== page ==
Trump's tax reform. Can Australia follow suit?
Overnight, US President (*cough*) Donald Trump announced the biggest shakedown of the American tax system since Reagan was in The White House.
A key platform of the campaign – along with such classics as ‘build a wall’ and ‘lock her up’ – the policy looks to drop corporate tax rate from 35% to just 15%. The idea is that by allowing corporations to take bigger profits, they are more likely to employ more people.
We’ve heard as similar argument in Australia, where the Prime Minister and Treasurer have struggled to sell a corporate tax cut of 5 points to 25%; the major barriers being significant doubt in trickle-down economics and a growing concern about the gap between the rich and the poor.
Cheif Economic Adviser Gary Cohn (l) and Secretary of the Treasury Steve Mnuchin (r) sell the politics of the plan at last night's media conference
Back to the US, there might be a silver lining for Trump’s proposal. If we were to ignore the perceptions of self-interest that a tax cut brings, as well as wonder how it aligns with his other catch-cry, “drain the swamp!”, there is no doubt that the current US corporate tax regime is utterly uncompetitive in an international setting.
And this is important. The make-up of the top stocks in the USA is very different to what it looked like in the time of ‘Reaganomics’. Apple, Alphabet (Google), Amazon and Facebook are four of the five most valuable companies in the United States, and there is every incentive for them to stash their money in offshore entities that the Internal Revenue System cannot get their fingers on.
By example, it is estimated that Apple holds some $250 billion in cash offshore. Well, 35% of nothing is… nothing. If the US Treasury could incentivise Cook & Co to return that money, not only does it represent a windfall of $37.5 billion to government coffers, but could potentially wash all that money through the US economy to even greater benefit. The proposed 'one-off' tax on this money could provide even further incentive, although there is little detail as to what that might constitute.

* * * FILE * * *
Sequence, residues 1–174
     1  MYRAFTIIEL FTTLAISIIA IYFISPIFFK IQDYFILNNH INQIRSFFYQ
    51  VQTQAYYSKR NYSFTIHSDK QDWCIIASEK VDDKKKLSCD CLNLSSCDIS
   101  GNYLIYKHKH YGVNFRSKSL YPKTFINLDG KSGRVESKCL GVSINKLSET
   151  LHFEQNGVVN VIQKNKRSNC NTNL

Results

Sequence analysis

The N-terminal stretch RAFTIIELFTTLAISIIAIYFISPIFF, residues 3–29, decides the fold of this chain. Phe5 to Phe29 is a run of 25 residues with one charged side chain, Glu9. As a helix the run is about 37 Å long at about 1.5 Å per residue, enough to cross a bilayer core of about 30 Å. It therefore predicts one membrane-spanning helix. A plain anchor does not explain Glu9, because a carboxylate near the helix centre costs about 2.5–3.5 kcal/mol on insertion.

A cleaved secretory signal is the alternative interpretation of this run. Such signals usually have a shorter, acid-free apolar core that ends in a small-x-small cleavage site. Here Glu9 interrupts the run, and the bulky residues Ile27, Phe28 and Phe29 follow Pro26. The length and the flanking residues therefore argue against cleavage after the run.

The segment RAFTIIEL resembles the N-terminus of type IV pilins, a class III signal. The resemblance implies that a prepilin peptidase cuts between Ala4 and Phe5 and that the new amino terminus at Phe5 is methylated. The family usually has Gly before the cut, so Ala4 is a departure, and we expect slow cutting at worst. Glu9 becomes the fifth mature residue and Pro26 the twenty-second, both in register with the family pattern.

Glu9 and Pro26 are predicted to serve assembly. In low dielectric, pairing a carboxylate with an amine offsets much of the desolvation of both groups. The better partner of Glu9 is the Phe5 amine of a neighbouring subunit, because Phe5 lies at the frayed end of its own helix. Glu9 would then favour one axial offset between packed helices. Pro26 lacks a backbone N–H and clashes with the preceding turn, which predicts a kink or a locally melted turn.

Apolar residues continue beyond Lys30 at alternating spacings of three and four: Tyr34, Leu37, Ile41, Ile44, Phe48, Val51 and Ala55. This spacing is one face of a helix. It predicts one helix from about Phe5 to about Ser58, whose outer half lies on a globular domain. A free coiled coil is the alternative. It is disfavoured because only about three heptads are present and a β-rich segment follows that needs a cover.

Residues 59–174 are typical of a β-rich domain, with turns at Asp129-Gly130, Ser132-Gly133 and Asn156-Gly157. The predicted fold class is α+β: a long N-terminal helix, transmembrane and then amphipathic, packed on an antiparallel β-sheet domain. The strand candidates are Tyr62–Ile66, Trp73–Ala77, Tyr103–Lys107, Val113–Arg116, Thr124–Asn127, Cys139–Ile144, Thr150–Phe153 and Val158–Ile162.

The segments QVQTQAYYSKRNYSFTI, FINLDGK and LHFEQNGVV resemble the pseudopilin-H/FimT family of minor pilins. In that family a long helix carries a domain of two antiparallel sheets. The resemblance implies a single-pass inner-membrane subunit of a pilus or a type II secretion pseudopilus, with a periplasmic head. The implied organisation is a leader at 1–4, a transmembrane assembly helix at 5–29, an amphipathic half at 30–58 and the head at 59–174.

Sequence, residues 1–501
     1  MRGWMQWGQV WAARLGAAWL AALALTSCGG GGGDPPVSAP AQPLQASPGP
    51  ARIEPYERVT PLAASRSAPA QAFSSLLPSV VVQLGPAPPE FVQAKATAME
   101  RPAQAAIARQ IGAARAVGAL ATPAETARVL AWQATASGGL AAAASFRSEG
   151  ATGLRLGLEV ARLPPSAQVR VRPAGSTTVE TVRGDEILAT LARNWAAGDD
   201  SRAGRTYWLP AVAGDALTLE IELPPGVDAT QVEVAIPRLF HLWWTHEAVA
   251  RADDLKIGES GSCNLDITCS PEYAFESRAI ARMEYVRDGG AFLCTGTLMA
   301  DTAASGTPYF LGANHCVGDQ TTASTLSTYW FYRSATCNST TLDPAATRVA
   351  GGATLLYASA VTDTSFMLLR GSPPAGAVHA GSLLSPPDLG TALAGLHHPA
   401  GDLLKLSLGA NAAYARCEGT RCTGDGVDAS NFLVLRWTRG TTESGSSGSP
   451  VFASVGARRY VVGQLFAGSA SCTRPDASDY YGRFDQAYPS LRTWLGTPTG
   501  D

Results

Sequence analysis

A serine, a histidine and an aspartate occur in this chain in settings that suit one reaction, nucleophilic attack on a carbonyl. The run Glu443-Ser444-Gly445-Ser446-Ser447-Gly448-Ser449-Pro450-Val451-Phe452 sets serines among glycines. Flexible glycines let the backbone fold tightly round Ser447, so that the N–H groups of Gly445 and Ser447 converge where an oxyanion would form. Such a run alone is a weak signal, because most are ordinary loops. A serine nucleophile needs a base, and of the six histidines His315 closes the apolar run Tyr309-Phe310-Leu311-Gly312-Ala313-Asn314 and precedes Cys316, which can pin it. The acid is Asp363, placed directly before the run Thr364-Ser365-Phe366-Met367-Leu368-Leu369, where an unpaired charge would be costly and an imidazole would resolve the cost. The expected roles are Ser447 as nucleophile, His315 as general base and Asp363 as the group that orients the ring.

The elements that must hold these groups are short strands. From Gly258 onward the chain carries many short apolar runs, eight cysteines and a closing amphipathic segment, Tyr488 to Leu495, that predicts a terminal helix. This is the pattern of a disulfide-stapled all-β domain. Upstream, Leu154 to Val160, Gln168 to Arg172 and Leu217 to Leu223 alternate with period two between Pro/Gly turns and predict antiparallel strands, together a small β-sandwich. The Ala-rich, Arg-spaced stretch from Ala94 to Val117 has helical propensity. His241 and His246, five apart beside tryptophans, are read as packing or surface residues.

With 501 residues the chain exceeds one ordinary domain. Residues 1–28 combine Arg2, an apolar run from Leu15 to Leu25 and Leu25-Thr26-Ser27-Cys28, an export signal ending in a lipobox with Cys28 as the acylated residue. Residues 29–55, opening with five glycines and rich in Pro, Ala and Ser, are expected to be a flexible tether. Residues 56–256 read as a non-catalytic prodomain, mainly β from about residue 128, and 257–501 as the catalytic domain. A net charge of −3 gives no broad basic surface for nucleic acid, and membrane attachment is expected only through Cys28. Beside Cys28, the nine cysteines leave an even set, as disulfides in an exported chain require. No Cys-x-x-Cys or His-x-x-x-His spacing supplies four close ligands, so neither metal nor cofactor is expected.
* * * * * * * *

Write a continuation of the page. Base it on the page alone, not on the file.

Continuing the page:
How many thousands of column inches will be dedicated to these 200 words?
One last thing to watch is this ‘bare-bones’ approach to tax reform (the ‘plan’ fits on a single page). Trump wants to reduce the number of personal income brackets to three (from the existing seven). Australia has four.
What we like about this strategy is that a simplified model has the potential to be much more efficient. Australia’s last great attempt at this – the GST – resulted in a tax code that was almost three times as long as the one it replaced.
Obviously, that was the result of poor negotiation on the part of the government of the day, but since then Australia has become hamstrung to even minor reforms – as this year’s kerfuffle over the corporate tax rate amply demonstrated.
With the Australian Federal Budget due to be handed down early next month, it's too late for any surprises on tax reform. However, fertile ground will be laid if Trump can ram his plan through the house. Morrison's porisiton in 2018 could be very different to today.
With obamacare roundly rejected by Congrtess, the challenge to get new tax policy across the line leaves Trump in an extremely vulnerable piosition. As you might expect, the Democrats remain unimpressed byt aht they;ve seen so far. The New York Times quotes Ted Lieu (D-CA): “America is a great nation but we haven’t yet discovered magic.” No-one yet knows how much this reform will cost, what the net benefit to the country will be or what effect it will have of Donald Trump’s personal wealth. If only he’d release his tax returns.
All we can do is wish The Donald the best. As the dust settles on his First 100 Days and some meat is put on the bones of these reforms there is every chance it will be stopped via Congress due to tough politics or simply bad policy.
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